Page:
Sheikh Hasina offered India a complete assurance on its security concerns about the secessionists in the north-eastern states or the Seven Sisters using Bangladesh’s territory for their destructive activities immediately on her assuming office in January 2009. She offered land transit in the name of connectivity subsequently, conscious that the concessions were extremely important to India. She offered the concessions with the vision to bring about a paradigm shift in Bangladesh-India relations expecting that her vision would encourage India to reciprocate on issues of interest to Bangladesh such as water sharing, trade, border killings, et cetera.
More than a decade has elapsed meanwhile during which India has largely failed to match Hasina’s vision. There has been zero movement on water sharing and no benefit has thus far come from land transit that was supposed to bring Bangladesh fabulous economic benefits as the connectivity hub of the region. Analysts of Indo-Bangladesh relations have been left wondering why India being the much bigger and more powerful neighbour has failed to match the vision of a much smaller and weaker neighbour. Some analysts believe that perhaps India did not fail and that it viewed its relations with Bangladesh differently. Revisiting the history of Bangladesh-India relations particularly India’s role in Bangladesh’s liberation war would clarify the question at a time when Bangladesh-India relations appear to have hit a roadblock.
It was not easy for India to be directly involved in the Bangladesh liberation war when it started. The war occurred during the cold war when the sovereignty and territorial integrity of a member state of the United Nations was sacrosanct. Biafra’s attempt to become independent was brutally crushed in pursuance of that reality. The world did not lift a finger for Biafra because it was a matter of Nigeria’s sovereignty and territorial integrity. India thus limited its involvement in the Bangladesh liberation war when it started to be a sanctuary to freedom fighters or Mukti Bahini and supplying them with an an inadequate amount of arms and ammunitions.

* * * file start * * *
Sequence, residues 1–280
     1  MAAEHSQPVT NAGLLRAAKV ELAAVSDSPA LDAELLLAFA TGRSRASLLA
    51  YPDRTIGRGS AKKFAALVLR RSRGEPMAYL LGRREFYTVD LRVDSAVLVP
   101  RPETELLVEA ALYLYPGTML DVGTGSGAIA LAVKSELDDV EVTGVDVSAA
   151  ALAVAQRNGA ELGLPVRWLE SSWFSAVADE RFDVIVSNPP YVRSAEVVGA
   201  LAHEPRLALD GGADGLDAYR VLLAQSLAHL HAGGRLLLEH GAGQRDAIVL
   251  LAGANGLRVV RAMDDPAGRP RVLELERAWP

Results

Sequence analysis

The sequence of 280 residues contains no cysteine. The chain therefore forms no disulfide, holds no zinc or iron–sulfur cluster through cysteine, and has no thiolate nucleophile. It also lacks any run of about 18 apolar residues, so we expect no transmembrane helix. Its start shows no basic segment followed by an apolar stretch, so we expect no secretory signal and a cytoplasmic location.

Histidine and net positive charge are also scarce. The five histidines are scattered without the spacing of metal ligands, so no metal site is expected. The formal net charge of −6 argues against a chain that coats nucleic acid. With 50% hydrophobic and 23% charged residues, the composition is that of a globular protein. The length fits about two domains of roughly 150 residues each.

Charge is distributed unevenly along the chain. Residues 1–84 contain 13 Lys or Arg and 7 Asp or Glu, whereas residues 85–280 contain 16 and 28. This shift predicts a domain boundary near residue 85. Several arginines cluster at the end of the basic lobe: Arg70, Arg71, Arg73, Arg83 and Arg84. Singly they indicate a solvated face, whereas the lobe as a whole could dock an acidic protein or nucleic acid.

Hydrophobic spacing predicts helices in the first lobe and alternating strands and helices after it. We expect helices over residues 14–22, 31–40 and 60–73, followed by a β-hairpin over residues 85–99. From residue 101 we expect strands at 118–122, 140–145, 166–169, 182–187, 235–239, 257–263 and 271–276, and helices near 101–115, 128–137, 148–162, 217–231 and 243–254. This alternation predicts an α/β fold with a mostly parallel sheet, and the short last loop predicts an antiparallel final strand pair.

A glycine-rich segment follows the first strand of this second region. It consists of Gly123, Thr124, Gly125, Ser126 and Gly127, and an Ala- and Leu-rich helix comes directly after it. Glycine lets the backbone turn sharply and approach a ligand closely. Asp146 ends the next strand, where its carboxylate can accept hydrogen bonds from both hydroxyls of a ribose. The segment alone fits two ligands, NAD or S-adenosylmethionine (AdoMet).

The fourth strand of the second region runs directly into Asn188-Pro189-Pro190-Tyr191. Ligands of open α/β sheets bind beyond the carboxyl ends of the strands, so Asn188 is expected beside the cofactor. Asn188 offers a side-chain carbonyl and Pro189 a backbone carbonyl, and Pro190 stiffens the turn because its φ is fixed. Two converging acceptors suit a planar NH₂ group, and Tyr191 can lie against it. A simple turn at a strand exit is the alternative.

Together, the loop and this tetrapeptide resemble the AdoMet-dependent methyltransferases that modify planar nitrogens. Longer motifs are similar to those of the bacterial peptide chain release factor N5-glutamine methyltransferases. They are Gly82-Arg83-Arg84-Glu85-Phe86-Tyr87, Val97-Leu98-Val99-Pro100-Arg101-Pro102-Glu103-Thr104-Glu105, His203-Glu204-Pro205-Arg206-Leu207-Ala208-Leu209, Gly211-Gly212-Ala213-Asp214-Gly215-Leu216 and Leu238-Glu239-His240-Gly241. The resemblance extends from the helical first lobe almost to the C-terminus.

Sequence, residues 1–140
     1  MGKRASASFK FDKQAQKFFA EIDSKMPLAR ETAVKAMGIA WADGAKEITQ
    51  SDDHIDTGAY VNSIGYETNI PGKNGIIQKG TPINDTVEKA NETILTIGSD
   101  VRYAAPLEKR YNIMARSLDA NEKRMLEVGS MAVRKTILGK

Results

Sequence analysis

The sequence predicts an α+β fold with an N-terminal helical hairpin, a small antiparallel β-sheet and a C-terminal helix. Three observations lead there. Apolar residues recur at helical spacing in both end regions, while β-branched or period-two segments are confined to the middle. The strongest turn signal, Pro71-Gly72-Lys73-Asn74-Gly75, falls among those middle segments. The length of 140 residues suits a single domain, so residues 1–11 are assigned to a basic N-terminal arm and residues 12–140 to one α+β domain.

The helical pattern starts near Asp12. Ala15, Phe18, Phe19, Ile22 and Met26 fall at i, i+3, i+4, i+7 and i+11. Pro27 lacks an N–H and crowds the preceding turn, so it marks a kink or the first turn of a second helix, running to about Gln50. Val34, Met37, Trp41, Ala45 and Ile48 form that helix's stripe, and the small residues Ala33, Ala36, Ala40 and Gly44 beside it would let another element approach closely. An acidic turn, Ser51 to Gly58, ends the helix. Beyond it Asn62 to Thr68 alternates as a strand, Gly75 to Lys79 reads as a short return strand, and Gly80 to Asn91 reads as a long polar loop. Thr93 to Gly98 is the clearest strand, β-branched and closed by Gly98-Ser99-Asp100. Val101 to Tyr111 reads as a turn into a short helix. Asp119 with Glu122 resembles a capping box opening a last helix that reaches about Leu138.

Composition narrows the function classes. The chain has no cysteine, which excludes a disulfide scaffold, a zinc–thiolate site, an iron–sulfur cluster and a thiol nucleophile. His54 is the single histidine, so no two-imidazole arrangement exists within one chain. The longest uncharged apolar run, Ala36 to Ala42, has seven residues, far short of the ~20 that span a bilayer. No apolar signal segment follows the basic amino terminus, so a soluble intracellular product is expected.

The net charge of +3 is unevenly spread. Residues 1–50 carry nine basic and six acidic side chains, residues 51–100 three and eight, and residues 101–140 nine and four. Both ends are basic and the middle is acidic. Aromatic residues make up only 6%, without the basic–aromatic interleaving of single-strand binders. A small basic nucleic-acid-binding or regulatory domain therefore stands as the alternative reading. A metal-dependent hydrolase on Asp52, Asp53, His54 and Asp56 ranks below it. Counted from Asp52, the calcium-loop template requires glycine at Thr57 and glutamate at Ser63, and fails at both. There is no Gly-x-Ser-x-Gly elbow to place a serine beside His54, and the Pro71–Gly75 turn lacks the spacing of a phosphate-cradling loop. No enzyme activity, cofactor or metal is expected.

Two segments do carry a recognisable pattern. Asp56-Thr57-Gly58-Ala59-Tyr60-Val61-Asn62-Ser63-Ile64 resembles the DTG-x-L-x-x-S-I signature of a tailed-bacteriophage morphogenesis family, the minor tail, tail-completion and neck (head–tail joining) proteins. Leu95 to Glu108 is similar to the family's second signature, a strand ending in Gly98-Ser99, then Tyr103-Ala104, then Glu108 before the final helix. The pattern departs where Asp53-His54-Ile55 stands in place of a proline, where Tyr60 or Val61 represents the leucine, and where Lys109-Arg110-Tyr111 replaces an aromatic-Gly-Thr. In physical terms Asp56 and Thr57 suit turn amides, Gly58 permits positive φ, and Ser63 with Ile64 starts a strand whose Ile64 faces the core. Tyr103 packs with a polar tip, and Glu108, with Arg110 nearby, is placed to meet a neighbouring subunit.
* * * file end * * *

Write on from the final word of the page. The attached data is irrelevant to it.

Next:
India intervened directly at the fag end of the war after the Mukti Bahini had weakened the Pakistani military considerably. India took two steps before interfering directly. First, it signed the Treaty of Friendship with the Soviet Union in August 1971 to strengthen its position internationally. Second, Indira Gandhi visited several European countries towards the end of October and early November and convinced their leaders that Pakistan had attacked India by pushing 10 million of its citizens to its territory. India Gandhi further convinced them that India would not be violating the principles of sovereignty and territorial integrity of a member state of the United States if it intervened directly in the Bangladesh liberation war to send the refugees back to their homeland.
Thus, India formed the Mitra Bahini or the Joint Command of Indian Armed Forces and the Mukti Bahini under Lieutenant General Jagjit Singh Aurora on November 21, 1971. India thereafter engaged itself in the third India-Pakistan war on December 3, 1971. The war ended on December 16 with the surrender of the Pakistan forces in Dhaka on the war’s eastern front leading to the liberation of Bangladesh on December 16, 1971.
India thus played a decisive role in Bangladesh’s independence. Bangladeshis across their political divide have acknowledged India’s role gratefully although they also believed and continue to do so that they would have achieved their independence even if India had not intervened but that would have taken much longer than the nine months in which India helped them to win their liberation. The Awami League’s call for independence united all Bangladeshis as a monolith like a few other liberation wars in history that had made Bangladesh’s liberation inevitable and just a matter of time.